In January 1999, the switch to the Quake II engine was finished. What had been scheduled to be completed in a few weeks had taken over a year. Ion Storm announced "Come hell or high water, the game will be done on February 15, 1999." This deadline was missed, but a demo was released in March 1999. However, this demo failed to impress players as it featured no monsters and no single-player game, only multiplayer deathmatch.

The Daikatana team was then trying to create a new, more impressive demo for E3 that year. Last minute changes to the level design led to a demo that could only run at about 12 frames per second, far less than the 30 frames per second that was considered a minimum for first-person shooters. The E3 disaster led to a crisis for Ion Storm. Eidos, the parent company who had thus far financed Ion Storm to the tune of $44 million, had had enough. In June 1999, Eidos and Ion Storm reached an agreement. Eidos got majority ownership of Ion Storm and two of the founders, Todd Porter and Jerry O'Flaherty, left the company.


On April 21, 2000, Daikatana was completed and reached gold status. A tie-in comic book was drawn by Marc Silvestri[10] and released by Top Cow for Prima Games' Daikatana: Prima's Official Strategy Guide.[11]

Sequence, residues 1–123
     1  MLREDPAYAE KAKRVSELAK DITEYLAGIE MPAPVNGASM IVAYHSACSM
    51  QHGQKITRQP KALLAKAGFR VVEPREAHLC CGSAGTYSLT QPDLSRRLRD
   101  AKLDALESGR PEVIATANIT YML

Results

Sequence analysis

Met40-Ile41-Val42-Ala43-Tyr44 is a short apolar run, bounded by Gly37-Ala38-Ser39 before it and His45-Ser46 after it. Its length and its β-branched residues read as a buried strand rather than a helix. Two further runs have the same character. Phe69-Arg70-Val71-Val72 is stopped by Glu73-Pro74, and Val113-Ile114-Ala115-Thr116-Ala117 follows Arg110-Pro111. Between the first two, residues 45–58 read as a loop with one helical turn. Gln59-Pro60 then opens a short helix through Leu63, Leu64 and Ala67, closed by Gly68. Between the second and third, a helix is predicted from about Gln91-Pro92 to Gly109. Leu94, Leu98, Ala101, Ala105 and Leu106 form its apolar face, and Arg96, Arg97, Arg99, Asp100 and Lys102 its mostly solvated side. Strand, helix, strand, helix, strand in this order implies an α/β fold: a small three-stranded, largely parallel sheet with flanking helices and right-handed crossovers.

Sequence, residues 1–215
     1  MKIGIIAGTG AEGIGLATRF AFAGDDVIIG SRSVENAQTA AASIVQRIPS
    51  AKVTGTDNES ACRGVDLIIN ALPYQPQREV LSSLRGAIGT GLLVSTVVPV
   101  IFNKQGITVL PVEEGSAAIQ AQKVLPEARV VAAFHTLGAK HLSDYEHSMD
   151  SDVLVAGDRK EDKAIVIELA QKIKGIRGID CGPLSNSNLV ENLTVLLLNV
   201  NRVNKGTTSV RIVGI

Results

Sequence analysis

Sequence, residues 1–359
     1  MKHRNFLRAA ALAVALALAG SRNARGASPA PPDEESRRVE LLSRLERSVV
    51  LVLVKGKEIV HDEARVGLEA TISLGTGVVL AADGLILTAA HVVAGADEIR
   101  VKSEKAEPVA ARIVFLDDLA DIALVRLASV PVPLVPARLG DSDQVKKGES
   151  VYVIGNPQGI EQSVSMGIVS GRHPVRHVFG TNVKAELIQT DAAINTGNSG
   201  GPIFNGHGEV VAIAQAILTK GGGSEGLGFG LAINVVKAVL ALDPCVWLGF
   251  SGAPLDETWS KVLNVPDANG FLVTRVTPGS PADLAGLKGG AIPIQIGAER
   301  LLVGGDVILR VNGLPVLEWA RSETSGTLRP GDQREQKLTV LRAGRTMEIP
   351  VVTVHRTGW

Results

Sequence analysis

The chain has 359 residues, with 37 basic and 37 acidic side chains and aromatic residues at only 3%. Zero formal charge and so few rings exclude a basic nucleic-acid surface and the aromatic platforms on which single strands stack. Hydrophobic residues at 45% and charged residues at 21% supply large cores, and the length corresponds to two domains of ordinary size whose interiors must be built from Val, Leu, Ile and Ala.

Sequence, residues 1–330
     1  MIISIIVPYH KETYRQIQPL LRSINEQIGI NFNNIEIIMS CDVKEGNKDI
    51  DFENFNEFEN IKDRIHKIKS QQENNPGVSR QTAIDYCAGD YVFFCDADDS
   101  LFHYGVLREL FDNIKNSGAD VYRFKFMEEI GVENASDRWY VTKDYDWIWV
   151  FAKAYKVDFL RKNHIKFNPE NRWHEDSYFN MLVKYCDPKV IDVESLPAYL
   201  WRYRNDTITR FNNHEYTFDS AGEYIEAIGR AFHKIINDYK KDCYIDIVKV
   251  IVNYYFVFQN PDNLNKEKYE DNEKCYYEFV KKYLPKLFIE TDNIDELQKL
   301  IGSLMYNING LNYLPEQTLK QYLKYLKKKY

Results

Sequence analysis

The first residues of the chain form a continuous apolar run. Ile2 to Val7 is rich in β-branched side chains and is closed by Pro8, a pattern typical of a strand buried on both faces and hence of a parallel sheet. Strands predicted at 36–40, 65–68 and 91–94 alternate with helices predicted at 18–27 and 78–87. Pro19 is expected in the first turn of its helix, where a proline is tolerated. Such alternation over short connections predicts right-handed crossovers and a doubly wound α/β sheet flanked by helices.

Daikatana's final patch, version 1.2, was released on September 29, 2000.[12] Lacking any further official support after the closure of Ion Storm's Dallas office in 2001, John Romero gave the game's source code to community members, allowing them to develop additional platform ports and bug fixes.[13]

Game Boy Color versionEdit

The Game Boy Color version of Daikatana was only released in Europe; Kemco decided against the North American and Japanese release due to the poor reputation of the Daikatana brand.[14] This version's gameplay differs greatly from the N64 and PC versions: at Romero's request, the title was adapted to the platform as a top-down dungeon crawler, in the style of early Zelda games such as the NES original and The Legend of Zelda: Link's Awakening.[14][15] In 2004, Romero released the ROM images for the Game Boy Color game on his website, for use with emulators.[14][16]